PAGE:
The Newnes Know It All Series takes the best of what our authors have written to create hard-working desk references that will be an engineer's first port of call for key information, design techniques and rules of thumb. Guaranteed not to gather dust on a shelf!

Audio engineers need to master a wide area of topics in order to excel. The Audio Engineering Know It All covers every angle, including digital signal processing, power supply design, microphone and loudspeaker technology as well as audio compression.

Key Features

• A 360-degree view from our best-selling authors • Includes such topics as fundamentals, compression, and test and measurement • The ultimate hard-working desk reference; all the essential information, techniques and tricks of the trade in one volume


Electronics Engineers; Audio Engineers and Technicians


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About the Authors

Douglas Self Author

Affiliations and Expertise

Douglas Self has a worldwide reputation as a leading authority on audio amplifier design, but it is perhaps less well known that he has devoted a good deal of study to small-signal circuitry, including many years as the chief design engineer at one of the major mixing console manufacturers, where his achievements included winning a Design Council Award. His rigorous, skeptical, and thoroughly practical approach to design has been applied to the small signal area as well, and some of the results to be found in this book. Senior designer of high-end audio amplifiers and contributor to Electronics World magazine, Douglas has worked with many top audio names, including Cambridge Audio, TAG-McLaren Audio, and Soundcraft Electronics.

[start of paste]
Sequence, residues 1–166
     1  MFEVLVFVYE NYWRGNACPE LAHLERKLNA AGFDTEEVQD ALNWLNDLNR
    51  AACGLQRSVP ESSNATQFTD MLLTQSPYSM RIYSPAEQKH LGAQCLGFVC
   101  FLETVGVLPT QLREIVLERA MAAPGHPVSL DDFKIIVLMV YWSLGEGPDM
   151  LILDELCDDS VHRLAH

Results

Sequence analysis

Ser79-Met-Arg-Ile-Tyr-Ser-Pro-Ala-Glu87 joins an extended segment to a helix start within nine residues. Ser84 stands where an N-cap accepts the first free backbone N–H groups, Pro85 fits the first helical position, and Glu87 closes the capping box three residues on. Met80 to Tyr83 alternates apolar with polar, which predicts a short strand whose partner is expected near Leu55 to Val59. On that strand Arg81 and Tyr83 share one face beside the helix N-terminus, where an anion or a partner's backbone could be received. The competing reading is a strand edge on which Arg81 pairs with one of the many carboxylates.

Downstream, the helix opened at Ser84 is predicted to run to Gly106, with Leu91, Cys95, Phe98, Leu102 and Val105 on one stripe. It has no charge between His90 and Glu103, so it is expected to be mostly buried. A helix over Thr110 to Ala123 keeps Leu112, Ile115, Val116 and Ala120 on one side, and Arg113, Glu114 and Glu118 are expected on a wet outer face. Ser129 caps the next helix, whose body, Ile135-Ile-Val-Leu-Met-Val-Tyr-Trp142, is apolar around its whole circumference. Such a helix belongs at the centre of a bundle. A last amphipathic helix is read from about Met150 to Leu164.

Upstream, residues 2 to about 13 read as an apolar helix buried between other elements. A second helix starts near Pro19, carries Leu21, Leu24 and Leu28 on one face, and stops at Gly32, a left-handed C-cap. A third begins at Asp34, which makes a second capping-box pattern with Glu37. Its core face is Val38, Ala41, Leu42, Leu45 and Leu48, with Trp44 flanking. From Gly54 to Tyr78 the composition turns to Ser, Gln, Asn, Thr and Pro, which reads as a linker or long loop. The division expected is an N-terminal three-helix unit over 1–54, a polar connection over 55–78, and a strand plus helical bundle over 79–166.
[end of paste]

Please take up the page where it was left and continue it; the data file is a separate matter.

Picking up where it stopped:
Ben Duncan Author

Ben Duncan is well known to many users of audio power amplifiers around the world, both professional and domestic, through his hundreds of articles, reviews and research papers on music technology in the UK and US press, and through his part in creating several notable professional power amplifiers.Since 1977, he has been involved in the design of over 70 innovative, high-end audio products used by recording and broadcast studios, on stages, in clubs and by the most critical domestic listeners - as well as creating bespoke equipment for top musicians. Born in London, he has travelled widely but has lived mainly in Lincolnshire, home of his family for over 150 years. Outside a wide spectrum of music and festivals his interests include managing an organic garden, woodland and nature reserve; industrial archaeology, historic building restoration, psychic research, and 20th century political, social and engineering history. He is twice co-author of the book Rock Hardware in which he has chronicled the history of rock’n’roll PA.